Weekly Ketchup

Weekly Ketchup: Fruitvale Station Director and Star Sought for Rocky Spinoff Creed

Plus, new roles for Gwyneth Paltrow, Melissa McCarthy, James McAvoy, and two remakes of JCVD movies.

by | July 26, 2013 | Comments

This week coming off the end of San Diego Comic-Con lacked some of the big names seen in a typical week. But, hey, that just left room for two different remakes of Jean-Claude Van Damme movies, as well as remakes of The Butterfly Effect, and a Rocky spinoff focusing on Apollo Creed’s grandson. Every thing old is new again.

This Week’s Top Story


For several years now, MGM has been the studio most regarded as something of a remake factory. MGM has the rights to many classic films, and rather than sequelizing them (which wouldn’t be lauded much either), MGM does lots and lots of remakes. Fame, The Taking of Pelham 123, and the upcoming Carrie, RoboCop and Poltergeist remakes… That’s all MGM. This story, however, sees the studio reviving one of their biggest franchises (possibly second only to their continuing James Bond franchise), but not as a remake or a true sequel. The Rocky franchise is getting a spinoff movie called Creed, about the boxing career of the grandson of Rocky and Rocky II opponent Apollo Creed. MGM is in early talks with both director Ryan Coogler — currently in theaters with his debut film, the true story of Fruitvale Station — and, for the title character, with that film’s star, Michael B. Jordan, who appeared last year in Chronicle, and is rumored to be in talks to play the new Johnny Storm in the 2015 reboot of The Fantastic Four. Sylvester Stallone is also expected to reprise his role as Rocky Balboa as the new Creed’s trainer. For reasons obvious to anyone who ever saw Rocky IV, Carl Weathers is probably less likely to appear in the new Creed. Ryan Coogler will cowrite Creed with Aaron Covington, but which Aaron Covington it will be is anyone’s guess (who knew there were so many in Hollywood?).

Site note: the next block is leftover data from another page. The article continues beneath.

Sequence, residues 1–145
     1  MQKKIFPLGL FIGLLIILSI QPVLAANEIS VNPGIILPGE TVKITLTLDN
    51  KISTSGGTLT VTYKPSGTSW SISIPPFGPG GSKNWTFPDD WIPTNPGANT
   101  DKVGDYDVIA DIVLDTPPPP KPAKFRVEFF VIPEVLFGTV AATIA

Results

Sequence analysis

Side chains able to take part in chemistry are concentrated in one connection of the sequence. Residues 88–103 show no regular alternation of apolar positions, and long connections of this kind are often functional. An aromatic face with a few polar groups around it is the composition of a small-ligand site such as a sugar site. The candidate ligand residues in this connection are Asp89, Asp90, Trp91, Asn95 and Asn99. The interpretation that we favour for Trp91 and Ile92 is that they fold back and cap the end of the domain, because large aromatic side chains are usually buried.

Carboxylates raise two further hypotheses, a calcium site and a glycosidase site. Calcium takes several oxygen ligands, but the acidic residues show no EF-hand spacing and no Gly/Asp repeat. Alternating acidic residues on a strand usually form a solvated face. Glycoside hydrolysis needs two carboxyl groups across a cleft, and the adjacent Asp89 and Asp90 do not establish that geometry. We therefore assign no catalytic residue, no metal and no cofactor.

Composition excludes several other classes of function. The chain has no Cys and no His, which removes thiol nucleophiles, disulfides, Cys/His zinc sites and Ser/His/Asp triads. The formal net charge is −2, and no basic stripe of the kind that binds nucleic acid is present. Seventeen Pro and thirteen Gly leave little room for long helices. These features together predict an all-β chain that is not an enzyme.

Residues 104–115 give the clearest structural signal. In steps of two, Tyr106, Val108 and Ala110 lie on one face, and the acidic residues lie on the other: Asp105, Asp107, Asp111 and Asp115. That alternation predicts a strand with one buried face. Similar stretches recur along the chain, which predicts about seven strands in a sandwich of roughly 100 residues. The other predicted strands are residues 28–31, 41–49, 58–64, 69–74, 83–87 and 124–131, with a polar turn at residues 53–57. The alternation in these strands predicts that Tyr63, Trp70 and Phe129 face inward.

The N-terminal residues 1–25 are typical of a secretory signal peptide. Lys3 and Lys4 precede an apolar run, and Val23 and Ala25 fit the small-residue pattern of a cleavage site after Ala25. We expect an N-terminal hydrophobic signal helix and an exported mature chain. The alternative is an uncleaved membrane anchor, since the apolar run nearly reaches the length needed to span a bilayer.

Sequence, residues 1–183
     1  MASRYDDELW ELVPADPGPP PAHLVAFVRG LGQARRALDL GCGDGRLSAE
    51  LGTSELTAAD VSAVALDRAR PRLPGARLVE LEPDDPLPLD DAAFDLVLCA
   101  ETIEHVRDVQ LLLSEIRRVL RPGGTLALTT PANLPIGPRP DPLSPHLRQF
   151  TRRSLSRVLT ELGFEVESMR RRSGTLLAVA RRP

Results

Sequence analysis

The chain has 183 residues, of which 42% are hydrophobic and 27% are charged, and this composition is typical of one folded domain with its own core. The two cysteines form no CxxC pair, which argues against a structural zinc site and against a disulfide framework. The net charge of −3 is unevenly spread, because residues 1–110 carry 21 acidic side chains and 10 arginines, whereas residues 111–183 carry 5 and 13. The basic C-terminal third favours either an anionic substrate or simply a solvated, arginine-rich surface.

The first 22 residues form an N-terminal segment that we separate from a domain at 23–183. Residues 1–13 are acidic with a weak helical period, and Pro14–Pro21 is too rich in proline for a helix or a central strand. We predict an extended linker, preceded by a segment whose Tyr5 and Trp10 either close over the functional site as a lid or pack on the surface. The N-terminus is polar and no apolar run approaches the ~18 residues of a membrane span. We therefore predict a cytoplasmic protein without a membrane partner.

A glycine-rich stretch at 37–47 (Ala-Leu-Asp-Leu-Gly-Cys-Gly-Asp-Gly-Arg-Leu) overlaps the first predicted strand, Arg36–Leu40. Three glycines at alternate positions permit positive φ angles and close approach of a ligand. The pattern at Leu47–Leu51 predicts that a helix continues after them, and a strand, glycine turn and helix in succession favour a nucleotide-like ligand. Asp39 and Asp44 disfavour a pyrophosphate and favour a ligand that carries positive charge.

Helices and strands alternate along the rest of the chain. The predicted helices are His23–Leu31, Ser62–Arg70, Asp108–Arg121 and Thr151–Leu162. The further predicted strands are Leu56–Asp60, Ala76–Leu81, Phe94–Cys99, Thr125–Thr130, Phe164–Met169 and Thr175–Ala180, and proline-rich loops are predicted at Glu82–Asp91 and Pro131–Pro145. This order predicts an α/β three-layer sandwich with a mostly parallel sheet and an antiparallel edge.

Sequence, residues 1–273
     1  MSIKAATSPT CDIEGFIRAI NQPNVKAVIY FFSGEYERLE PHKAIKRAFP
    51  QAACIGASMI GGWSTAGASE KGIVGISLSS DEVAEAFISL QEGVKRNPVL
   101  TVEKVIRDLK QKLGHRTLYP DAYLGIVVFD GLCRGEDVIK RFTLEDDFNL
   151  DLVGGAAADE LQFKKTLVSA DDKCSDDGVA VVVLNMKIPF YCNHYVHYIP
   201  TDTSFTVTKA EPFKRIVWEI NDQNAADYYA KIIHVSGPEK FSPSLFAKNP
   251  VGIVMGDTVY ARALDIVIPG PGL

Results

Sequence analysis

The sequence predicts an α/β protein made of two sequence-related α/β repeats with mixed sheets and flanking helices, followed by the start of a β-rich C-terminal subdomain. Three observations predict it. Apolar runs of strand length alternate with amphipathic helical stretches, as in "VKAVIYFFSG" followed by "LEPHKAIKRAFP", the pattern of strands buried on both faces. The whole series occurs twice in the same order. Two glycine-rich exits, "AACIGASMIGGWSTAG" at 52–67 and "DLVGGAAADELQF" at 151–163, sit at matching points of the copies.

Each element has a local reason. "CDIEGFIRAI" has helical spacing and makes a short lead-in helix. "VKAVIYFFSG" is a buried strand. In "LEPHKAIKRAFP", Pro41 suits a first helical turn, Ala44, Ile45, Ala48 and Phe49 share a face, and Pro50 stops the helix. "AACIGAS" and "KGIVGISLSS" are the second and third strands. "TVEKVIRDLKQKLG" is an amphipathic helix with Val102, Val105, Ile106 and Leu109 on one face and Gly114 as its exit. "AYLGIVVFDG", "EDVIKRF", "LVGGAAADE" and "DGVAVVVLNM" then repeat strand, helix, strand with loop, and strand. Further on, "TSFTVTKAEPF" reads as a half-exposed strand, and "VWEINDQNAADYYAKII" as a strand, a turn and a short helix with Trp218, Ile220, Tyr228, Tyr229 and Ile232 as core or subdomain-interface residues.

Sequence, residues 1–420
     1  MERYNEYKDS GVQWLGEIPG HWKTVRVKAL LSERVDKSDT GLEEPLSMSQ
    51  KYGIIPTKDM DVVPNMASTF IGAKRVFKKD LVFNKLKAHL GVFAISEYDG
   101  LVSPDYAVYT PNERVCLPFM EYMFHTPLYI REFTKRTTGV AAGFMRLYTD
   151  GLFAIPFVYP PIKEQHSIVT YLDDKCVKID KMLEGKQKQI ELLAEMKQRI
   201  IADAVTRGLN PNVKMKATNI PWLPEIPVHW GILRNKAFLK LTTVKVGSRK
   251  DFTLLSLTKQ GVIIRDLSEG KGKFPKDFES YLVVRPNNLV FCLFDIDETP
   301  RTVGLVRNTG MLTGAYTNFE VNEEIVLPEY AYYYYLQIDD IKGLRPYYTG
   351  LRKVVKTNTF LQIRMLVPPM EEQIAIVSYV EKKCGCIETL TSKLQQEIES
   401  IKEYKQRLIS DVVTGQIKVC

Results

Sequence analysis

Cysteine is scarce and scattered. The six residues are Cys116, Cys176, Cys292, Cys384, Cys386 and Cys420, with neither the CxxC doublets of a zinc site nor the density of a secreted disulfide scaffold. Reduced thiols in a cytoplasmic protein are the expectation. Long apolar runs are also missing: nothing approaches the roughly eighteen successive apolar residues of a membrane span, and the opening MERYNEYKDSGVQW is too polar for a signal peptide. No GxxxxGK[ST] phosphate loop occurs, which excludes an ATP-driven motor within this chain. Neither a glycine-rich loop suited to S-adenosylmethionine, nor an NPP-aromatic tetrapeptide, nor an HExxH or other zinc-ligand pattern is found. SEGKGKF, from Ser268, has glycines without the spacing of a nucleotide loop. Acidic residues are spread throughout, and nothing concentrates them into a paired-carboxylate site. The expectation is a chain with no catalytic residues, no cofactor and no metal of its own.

Fresh Developments This Week


After Ben Affleck was cast as the male lead in director David Fincher’s next film, the Gillian Flynn novel adaptation Gone Girl, the next obvious step was casting the title character. That process reportedly included consideration of Charlize Theron, Natalie Portman, Emily Blunt, Abbie Cornish, and Olivia Wilde. This week, we learned that the actress to actually land the role was Rosamund Pike, who isn’t a household name yet in the USA, but has been seen in a variety of films, including Die Another Day, Wrath of the Titans, and last year’s Jack Reacher. Rosamund Pike will play a woman who disappears on her fifth wedding anniversary, leading to suspicion of her husband (Ben Affleck). Neil Patrick Harris and Tyler Perry are also being considered for other roles. Filming starts in September. Director David Fincher (Fight Club, Zodiac) chose Gone Girl as his next film after deals fell apart on some of his other projects, including the Disney action remake 20,000 Leagues Under the Sea and the sequel The Girl Who Played with Fire.